Dear Friends of The Park,
The texts for us this Sunday are packed full of action! In the Old Testament narrative we find Samuel looking for a new King for Israel. We find in the story a Samuel who despairs because King Saul has become so corrupt he has failed as king. And then Samuel despairs again when he looks upon Jesse’s sons and cannot see any “kingship-material” in any of the young men standing before him. In the Gospel narrative we are introduced to a man blind from birth that Jesus heals on a Sabbath. This healing lets loose all kinds of reactions from his neighbors, his parents, and the Pharisees as it becomes clear that the blind man, who can now see, stands in the midst of those who having sight remain blind. In both narratives the main religious figures, Samuel and the Pharisees, though they have sight, remain blind to God’s presence and God’s intervention. They can’t believe what they are seeing! Samuel’s blindness had to do with his inability to see in the youngest of Jesse’s son, David, what God saw. The Pharisee’s blindness had to do with their rejection of Jesus and their rejection of the both the miracle and the man healed. In both texts we are shown that there are two kinds of blindness and one is more terrible than the other.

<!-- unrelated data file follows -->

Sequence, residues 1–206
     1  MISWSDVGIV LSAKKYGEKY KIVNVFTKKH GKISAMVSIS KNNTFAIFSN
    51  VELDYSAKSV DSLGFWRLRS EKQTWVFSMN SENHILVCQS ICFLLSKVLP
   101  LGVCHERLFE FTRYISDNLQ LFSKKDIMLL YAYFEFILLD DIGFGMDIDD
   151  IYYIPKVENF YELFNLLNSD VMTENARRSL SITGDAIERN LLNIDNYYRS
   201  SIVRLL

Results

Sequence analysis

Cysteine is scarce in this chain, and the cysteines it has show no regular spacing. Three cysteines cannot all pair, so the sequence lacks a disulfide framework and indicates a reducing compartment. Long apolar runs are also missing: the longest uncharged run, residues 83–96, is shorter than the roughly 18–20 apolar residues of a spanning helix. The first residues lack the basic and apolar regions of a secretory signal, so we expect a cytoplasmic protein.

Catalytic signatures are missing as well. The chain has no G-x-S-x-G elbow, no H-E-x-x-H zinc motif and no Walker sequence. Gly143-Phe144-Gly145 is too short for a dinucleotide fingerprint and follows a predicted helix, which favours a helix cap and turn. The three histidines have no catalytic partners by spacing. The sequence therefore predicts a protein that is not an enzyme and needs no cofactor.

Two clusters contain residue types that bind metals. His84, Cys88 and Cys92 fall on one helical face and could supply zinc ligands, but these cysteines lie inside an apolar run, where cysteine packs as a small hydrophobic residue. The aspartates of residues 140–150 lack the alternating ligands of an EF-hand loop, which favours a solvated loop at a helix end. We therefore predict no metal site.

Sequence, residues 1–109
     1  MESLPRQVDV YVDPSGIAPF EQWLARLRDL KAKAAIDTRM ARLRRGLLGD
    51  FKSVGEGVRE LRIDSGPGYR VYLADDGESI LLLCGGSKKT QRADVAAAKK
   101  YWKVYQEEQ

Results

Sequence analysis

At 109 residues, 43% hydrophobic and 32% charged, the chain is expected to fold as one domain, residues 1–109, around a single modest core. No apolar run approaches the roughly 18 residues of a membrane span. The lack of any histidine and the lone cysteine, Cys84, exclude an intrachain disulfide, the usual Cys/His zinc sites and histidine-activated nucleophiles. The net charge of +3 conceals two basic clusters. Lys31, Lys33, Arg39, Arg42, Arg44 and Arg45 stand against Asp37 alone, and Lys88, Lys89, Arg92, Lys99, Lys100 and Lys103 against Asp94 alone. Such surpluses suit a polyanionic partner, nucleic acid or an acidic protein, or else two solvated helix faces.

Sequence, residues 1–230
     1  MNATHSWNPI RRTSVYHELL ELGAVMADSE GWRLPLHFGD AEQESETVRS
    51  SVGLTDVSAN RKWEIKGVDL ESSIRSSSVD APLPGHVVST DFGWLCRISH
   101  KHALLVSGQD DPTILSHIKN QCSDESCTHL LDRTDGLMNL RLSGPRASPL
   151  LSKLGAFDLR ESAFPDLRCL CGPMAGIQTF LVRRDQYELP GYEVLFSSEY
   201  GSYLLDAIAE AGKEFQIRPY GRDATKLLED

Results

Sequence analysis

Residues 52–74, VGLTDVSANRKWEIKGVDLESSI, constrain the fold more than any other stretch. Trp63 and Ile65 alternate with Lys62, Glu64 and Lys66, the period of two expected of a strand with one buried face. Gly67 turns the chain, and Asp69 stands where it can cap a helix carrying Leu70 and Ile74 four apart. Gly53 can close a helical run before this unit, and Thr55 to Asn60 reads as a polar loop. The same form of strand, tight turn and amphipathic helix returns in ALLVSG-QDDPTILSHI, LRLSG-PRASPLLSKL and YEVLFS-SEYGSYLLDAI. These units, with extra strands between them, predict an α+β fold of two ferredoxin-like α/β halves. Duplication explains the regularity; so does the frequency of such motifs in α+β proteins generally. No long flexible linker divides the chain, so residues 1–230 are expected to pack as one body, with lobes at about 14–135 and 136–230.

The truth is that nowadays we don’t often spend much time in real darkness. If we’re out at night there are streetlights or headlights to illumine the way. At home there’s the comfort of light bulbs and the glow of TVs; even those who explore outdoors can take light with them. Yet if we carefully consider our lives, darkness is not all that strange to us. Circumstances can seem hopeless and we can’t see a way out. We can sink into depths of depression and can no longer see an end to the despair. Sometimes we cower in the moral darkness of things concealed and secrets hidden from sight. This loss of sight, this kind of darkness is truly frightening. Yet all is not lost. We know this when Jesus clearly declares to his disciples, “I am the light of the world.” We are reassured that when God’s light shines in our lives, when we believe in that Light, we are given the power to be more than the darkness, to be more than the dust from which we have come. Join me on this last Sunday of Lent as we reflect upon these wonderful narratives that remind us that often seeing is not enough.
See you Sunday at The Park!
Rev. Dr. Daisy Machado